2016 Endocrine Society Guidelines: Central Hypothyroidism

Central Hypothyroidism is a very rare cause of reduced thyroid production, mainly secondary to pituitary anomaly. Infections, tumors, cysts, autoimmunity, surgery and radiation are usually responsible for the abnormal TSH secretion by the pituitary gland.

Endocrine Society released guidelines on diagnosis and management of central hypothyroidism in November 2016. Please find below excerpts with slightly modified wording for easier and succinct reading.

GT

 

 


Etiology:

Central Hypothyroidism (CH) is caused by insufficient TSH stimulation of a normal thyroid gland due to the inadequate secretion or action of TSH-releasing hormone (TRH) or TSH. Acquired CH is usually associated with other pituitary hormone deficiencies.

Approximately 50% of CH cases are caused by pituitary macroadenomas, whereas craniopharyngiomas are the most common extrasellar cause, especially in younger patients. The frequency of CH with nonfunctioning pituitary adenomas may reach 43% preoperatively and 57% postoperatively.

CH occurs in up to 65% of patients irradiated for brain tumors and up to half of patients irradiated for nasopharyngeal or paranasal sinus tumors. CH due to traumatic brain injuries or stroke may be increasing in prevalence as more patients survive these events.


Diagnosis:

  • We recommend measuring serum free T4 (fT4) and TSH to evaluate central hypothyroidism (CH). An FT4 level below the laboratory reference range in conjunction with a low, normal, or mildly elevated TSH in the setting of pituitary disease usually confirms a CH diagnosis.

  • In patients with pituitary disease and low-normal fT4 levels suspected to have mild CH, we suggest starting levothyroxine (LT4) if suggestive symptoms are present or following fT4 levels over time and starting treatment if the fT4 level decreases by 20% or more.

  • We suggest against using dynamic TSH-secretion testing to diagnose CH.

Replacement:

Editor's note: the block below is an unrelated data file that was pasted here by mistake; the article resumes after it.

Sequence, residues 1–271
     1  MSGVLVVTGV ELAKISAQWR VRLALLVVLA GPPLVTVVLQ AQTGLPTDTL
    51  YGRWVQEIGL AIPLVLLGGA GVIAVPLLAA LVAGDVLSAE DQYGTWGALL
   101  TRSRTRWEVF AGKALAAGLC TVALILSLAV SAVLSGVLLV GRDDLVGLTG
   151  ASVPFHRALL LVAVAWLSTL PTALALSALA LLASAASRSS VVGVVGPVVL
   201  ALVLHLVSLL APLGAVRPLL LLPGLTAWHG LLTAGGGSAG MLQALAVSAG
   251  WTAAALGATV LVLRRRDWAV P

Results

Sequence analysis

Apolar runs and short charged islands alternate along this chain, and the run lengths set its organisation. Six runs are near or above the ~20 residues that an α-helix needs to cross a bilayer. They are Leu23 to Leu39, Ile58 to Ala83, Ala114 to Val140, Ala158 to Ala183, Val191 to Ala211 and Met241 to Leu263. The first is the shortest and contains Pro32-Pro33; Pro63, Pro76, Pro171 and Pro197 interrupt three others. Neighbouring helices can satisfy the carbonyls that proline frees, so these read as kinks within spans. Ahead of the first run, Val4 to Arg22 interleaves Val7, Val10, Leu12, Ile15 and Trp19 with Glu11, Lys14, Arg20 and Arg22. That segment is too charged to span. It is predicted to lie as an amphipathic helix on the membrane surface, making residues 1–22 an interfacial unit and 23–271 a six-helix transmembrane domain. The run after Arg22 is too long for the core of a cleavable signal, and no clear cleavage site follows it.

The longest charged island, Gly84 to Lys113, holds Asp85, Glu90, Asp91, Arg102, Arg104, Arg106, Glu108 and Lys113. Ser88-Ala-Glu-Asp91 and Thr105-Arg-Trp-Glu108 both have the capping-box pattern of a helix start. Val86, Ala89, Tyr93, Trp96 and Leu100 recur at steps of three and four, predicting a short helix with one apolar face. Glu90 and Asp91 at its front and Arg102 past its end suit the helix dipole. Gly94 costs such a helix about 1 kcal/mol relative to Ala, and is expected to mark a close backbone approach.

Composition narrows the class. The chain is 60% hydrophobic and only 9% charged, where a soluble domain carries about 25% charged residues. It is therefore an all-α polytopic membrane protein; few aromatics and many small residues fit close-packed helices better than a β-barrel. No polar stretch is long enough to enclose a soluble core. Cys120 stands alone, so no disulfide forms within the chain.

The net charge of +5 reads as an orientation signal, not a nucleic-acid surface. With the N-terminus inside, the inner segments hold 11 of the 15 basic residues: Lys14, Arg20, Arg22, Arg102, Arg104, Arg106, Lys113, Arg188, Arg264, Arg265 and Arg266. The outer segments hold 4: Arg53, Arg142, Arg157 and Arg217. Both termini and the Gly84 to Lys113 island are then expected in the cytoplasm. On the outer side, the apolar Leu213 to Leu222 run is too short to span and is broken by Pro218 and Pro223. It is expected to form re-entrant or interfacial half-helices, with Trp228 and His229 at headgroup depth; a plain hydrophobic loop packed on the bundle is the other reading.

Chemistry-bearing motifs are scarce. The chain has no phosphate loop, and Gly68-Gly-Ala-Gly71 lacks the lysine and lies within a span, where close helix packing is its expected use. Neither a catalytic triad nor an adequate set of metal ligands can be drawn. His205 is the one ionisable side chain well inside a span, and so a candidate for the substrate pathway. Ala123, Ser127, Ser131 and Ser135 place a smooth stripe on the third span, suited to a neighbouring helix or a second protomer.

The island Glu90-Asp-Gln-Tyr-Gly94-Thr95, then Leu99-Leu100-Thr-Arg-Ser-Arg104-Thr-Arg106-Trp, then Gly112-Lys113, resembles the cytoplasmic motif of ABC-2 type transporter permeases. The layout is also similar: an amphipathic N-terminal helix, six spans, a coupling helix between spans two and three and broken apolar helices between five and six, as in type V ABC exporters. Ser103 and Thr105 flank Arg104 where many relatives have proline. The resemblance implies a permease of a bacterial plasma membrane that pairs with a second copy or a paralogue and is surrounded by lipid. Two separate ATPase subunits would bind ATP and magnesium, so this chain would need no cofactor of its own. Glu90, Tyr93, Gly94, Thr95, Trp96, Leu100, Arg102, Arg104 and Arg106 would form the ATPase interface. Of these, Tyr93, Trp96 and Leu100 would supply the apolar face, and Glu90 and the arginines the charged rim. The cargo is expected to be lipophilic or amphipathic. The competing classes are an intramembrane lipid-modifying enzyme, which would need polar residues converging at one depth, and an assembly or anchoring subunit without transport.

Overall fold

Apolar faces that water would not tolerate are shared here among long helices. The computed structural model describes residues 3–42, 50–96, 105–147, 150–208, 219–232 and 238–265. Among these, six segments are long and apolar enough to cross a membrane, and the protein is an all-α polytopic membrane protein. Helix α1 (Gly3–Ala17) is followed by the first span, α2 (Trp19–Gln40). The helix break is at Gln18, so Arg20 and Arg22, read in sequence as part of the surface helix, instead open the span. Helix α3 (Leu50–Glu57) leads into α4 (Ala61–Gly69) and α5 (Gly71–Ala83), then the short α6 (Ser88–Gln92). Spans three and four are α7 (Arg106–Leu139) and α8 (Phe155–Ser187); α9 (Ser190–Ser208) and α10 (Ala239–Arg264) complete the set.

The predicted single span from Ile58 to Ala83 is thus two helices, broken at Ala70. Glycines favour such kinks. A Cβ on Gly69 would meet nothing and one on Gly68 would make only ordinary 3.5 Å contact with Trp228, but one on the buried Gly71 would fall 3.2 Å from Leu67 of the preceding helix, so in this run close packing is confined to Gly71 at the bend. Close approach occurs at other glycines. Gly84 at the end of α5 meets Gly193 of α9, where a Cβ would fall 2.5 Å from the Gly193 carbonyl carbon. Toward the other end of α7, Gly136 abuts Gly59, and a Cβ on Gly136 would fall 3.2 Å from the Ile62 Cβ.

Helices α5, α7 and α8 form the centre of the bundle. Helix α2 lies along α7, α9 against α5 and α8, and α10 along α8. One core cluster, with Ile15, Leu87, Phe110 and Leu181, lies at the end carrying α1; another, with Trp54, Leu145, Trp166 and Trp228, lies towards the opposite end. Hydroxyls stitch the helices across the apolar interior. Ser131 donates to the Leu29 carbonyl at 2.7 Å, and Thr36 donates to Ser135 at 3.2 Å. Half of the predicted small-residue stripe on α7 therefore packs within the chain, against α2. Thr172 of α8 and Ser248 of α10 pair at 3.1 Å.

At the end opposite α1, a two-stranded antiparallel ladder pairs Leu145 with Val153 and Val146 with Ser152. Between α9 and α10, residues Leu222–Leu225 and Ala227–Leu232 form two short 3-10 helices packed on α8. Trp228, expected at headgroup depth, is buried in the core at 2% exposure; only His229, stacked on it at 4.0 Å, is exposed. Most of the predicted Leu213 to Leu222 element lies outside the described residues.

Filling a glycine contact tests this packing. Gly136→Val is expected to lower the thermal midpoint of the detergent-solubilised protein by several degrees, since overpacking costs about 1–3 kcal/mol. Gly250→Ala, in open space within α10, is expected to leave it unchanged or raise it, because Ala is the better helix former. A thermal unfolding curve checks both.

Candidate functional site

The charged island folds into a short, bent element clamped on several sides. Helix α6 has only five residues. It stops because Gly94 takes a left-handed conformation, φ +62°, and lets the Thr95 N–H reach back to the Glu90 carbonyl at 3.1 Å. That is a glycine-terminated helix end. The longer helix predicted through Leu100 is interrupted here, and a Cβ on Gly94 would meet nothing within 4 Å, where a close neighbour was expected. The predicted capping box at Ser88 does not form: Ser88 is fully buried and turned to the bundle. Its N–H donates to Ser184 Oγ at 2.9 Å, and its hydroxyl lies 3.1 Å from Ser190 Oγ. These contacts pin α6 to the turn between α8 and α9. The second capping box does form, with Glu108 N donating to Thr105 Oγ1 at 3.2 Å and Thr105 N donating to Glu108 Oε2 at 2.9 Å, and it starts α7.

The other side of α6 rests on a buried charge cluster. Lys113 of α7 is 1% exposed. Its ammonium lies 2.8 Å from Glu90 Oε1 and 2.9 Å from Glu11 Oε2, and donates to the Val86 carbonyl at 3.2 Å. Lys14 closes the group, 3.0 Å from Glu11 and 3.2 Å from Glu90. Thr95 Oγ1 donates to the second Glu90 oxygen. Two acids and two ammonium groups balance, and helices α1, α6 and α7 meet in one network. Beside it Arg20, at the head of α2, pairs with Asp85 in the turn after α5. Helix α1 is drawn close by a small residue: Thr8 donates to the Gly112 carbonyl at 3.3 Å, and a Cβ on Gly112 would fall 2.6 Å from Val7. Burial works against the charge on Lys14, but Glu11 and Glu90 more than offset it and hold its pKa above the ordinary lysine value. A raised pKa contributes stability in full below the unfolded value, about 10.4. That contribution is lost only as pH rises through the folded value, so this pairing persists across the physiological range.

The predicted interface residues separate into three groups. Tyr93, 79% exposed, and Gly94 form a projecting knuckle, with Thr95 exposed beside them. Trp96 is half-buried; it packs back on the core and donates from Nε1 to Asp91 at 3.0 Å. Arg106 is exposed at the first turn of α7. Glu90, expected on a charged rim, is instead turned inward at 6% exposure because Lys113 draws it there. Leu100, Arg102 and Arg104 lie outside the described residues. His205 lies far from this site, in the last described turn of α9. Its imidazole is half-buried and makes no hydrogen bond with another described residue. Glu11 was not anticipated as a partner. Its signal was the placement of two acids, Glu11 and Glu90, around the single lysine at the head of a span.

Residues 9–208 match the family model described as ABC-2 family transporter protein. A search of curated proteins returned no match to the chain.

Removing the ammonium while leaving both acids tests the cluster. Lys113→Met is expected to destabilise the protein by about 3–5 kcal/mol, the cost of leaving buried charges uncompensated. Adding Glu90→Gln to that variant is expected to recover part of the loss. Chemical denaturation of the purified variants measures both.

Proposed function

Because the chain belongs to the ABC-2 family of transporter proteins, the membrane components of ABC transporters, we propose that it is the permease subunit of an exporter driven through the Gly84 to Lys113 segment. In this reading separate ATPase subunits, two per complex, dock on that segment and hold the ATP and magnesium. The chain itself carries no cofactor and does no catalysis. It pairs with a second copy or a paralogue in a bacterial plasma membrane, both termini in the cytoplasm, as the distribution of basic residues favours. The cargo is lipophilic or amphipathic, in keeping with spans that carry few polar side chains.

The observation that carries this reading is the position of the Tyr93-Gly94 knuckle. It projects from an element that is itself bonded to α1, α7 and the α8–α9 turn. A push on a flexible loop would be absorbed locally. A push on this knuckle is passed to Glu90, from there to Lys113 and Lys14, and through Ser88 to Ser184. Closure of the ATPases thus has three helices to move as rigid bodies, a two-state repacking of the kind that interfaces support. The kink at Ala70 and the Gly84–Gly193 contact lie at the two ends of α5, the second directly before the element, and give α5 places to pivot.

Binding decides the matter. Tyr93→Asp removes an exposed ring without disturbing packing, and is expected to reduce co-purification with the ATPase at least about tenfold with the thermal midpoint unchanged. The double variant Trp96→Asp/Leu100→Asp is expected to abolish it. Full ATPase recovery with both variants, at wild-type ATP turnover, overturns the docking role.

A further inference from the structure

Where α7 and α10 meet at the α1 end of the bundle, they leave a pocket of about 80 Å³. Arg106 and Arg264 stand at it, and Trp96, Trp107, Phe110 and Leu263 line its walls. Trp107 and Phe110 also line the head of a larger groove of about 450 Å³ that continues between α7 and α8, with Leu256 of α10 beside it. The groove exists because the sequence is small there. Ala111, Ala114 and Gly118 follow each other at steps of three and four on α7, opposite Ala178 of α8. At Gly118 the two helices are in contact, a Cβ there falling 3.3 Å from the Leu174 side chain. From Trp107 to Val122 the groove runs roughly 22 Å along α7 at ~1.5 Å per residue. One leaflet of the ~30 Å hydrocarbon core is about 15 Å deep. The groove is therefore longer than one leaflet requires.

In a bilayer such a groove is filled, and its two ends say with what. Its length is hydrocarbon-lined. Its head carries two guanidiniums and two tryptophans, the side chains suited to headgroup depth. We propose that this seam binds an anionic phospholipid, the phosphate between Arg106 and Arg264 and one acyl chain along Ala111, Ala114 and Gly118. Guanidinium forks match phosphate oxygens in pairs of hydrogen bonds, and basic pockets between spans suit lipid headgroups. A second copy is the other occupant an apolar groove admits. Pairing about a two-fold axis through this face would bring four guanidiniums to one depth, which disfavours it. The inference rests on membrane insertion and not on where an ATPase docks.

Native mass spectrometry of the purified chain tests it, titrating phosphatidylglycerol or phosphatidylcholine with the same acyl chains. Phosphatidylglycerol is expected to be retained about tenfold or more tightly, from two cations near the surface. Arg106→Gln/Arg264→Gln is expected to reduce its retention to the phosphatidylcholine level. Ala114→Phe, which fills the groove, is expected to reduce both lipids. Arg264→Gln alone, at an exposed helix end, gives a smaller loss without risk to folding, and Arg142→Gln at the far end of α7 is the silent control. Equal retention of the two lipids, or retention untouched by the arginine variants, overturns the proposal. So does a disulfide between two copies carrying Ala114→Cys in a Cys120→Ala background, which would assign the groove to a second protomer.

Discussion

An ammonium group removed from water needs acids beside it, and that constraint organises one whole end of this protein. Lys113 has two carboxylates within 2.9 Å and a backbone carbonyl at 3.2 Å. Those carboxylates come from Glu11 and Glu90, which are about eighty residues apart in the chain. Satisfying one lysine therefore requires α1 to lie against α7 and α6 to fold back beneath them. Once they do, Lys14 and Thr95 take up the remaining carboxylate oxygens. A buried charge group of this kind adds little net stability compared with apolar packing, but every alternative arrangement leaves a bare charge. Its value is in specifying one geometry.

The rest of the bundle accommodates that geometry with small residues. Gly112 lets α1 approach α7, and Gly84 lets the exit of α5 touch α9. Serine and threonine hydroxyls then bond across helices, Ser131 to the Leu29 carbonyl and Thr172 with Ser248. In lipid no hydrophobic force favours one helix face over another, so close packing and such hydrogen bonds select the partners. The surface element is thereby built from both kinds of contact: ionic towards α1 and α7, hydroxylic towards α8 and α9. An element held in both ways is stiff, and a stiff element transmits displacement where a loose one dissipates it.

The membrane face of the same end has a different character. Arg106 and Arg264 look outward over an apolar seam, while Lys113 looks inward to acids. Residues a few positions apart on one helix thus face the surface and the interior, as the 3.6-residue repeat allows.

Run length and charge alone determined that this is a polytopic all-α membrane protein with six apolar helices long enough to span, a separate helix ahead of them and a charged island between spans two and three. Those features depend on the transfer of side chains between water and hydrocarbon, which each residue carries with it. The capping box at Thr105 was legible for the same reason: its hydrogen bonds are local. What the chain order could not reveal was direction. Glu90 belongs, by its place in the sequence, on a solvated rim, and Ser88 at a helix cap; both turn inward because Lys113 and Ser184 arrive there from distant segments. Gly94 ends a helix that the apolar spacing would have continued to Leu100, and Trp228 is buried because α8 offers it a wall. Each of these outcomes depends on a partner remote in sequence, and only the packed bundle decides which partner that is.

• We recommend LT4 in doses sufficient to achieve serum fT4 levels in the mid-upper half of the reference range. Appropriate LT4 doses in CH average 1.6 μg/kg/d, with dose adjustments based on clinical context, age, and fT4 levels.

  • We suggest against treating CH with levotriiodothyronine (LT3), thyroid extracts, or other formulations of thyroid hormones.

  • We recommend against using serum TSH levels to adjust thyroid replacement dosing in patients with CH.

Hormone Interactions:

  • We suggest evaluating patients with CH for adrenal insufficiency (AI) before starting LT4 therapy. If this is not feasible, clinicians should prescribe empiric GC therapy in patients with CH who are starting L-T4 therapy until there is a definitive evaluation for AI.

  • We recommend that clinicians monitor euthyroid patients with growth hormone deficiency (GHD) who begin GH therapy for the risk of developing CH, and if fT4 levels decrease below the reference range, these patients should begin LT4 therapy. CH patients with GHD who are already receiving LT4 may require increased LT4 doses when they begin GH therapy to maintain fT4 levels within target ranges.

  • We suggest clinicians treat CH before performing GH stimulation testing because CH may impair the accurate diagnosis of GHD.

  • In patients with CH requiring changes in estrogen therapy, we recommend monitoring fT4 levels and adjusting LT4 doses to maintain fT4 levels within target ranges.

Cardiovascular Risk:

  • To avoid the possible long-term cardiovascular risks of insufficient or excess thyroid hormone treatment, clinicians should adjust LT4 doses to avoid low or elevated fT4 levels in CH. (Ungraded Good Practice Statement).

Pregnancy:

  • We recommend that clinicians monitor fT4 or tT4 levels every 4–6 weeks for women with CH who become pregnant, and that these women may require increased LT4 doses to maintain levels within target ranges for pregnancy.

J  C  E  M

Endocrine Society Guidelines

November 2016